As construction and renovation at the Cape continued, the Test Group prepared for the return of TITAN 34D launch operations and the debut of TITAN IV launch operations. Vandenberg had the honor of launching the first post-recovery TITAN 34D mission on 26 October 1987, but the next TITAN 34D mission was launched from the Cape on 29 November 1987. The launch vehicle (D-8) for that classified mission was equipped with a transtage, and it flew from Complex 40 almost three years after it arrived at the Cape. The countdown was picked up at 1849:00Z on November 28th. Despite two unscheduled holds, the final count went smoothly. The vehicle lifted off Complex 40 at 0327:20Z on November 29th. All flight systems performed properly, and the launch was a complete success.65

Figure 79: SMARF completed in December 1991

The next TITAN 34D launch at the Cape involved a classified payload and Launch Vehicle D-3. Like Launch Vehicle D-8, D-3 was equipped with a transtage, and its launch had been held up by the TITAN 34D recovery effort in 1986 and 1987. Stages I and II of Core Vehicle D-3 arrived at the Cape on 7 August 1985, and Stage III arrived on 4 September 1985. The core vehicle was erected on Transporter #3 in Cell #1 on 7 September 1985, and the Acceptance CST was completed on 7 February 1986. The vehicle remained in storage on its transporter in the VIB from March 1986 to April 1987. Stages II and III were disassembled so Stage II could be sent back to Martin Marietta for an engine upgrade on 23 April 1987. Stage II was upgraded, and it was returned to the Cape on 28 July 1987. Following re-erection of the core vehicle on August 5th, power was restored to D-3 on 15 January 1988 for extensive retesting in the VIB. A Retest CST was run on 11 February 1988, and the vehicle was moved to the SMAB for solid rocket mating on February 17th. Launch Vehicle D-3 was moved out to Complex 40 on 20 February 1988. Testing continued at the launch site over the next six months. The countdown for the launch was picked up at 0405Z on 2 September 1988. Lift-off was recorded at 1205:02Z, and the first part of the flight went well. Unfortunately, the transtage failed to boost the payload to mission orbit. Subsequent investigations by Space Systems Division and the TITAN 34D Program Office could not pinpoint the exact cause of the anomaly, but a highly technical analysis of telemetry data revealed that the transtage lost pressure through a small hole in its fuel tank feed system before the transtage's first burn. The investigators concluded that there had been enough pressure for the transtage's first burn, but not enough pressure for its second burn. Space Systems Division's two remaining TITAN 34D/Transtage vehicles were thoroughly inspected to prevent a similar occurrence in the future.66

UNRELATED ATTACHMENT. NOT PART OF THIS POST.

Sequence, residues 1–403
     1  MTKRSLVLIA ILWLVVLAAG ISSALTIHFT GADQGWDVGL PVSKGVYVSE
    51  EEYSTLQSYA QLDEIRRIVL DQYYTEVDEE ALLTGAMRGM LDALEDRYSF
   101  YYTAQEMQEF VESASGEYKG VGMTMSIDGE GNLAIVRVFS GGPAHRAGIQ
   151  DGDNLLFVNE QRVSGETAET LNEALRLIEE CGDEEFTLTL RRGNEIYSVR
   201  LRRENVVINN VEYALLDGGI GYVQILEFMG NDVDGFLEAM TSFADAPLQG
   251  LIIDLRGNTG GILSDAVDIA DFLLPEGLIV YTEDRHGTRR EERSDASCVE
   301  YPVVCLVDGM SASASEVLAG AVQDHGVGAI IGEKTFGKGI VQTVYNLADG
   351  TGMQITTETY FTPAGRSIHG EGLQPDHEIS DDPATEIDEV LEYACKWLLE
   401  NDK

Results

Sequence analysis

As TITAN 34D launch operations continued, Colonel Robert B. Bourne assumed command of the 6555th Aerospace Test Group near the beginning of the TITAN IV era at the Cape. The first TITAN IV liquid rocket engines were installed on the TITAN IV "pathfinder" vehicle at the end of January 1988, shortly before the core vehicle was erected in the VIB. Four TITAN IV solid rocket motor segments were received at the SMAB by the middle of February 1988, and two electrical functional tests were conducted in early March. As "bugs" were worked out of various systems, the core vehicle had its first successful CST on 11 May 1988. The vehicle was moved to the SMAB around the middle of May. Following a successful mate with two five-segment stacks of solid rocket motor segments, the pathfinder vehicle was moved out to Complex 41 on Saturday, May 21st. The sixth segment was added to both stacks on May 22nd, and the seventh segment was added to the "north" stack on May 23rd. Communications problems and high winds over the Cape delayed IUS mating for a short time, but the IUS was mated to the vehicle on 16 June 1988. A dummy TITAN IV spacecraft was mated to the IUS a few days later, but the Baseline CST was attempted three times before it was completed successfully on July 12th. The payload fairing was mated to the vehicle during the first week in August, and electromagnetic compatibility tests were completed on 23 August 1988.67

The Launch Readiness Verification (LRV) for the pathfinder was attempted twice in September 1988, but lousy weather, fire alarm indications and a balky Mobile Service Tower stymied those efforts. The most serious obstacle was the MST: the tower could not be jacked up high enough to clear the pad's launch piers, and further investigation revealed cracks in three strongbacks supporting the jacking system. The LRV was suspended while the strongbacks were repaired, tested and repainted. The MST was exercised successfully on 25 November 1988. A bridge crane required adjustments in December 1988, and Complex 41's Umbilical Tower and 1750-kilowatt generator were out of service at the end of March 1989. Those problems aside, preparations for the first TITAN IV launch continued.68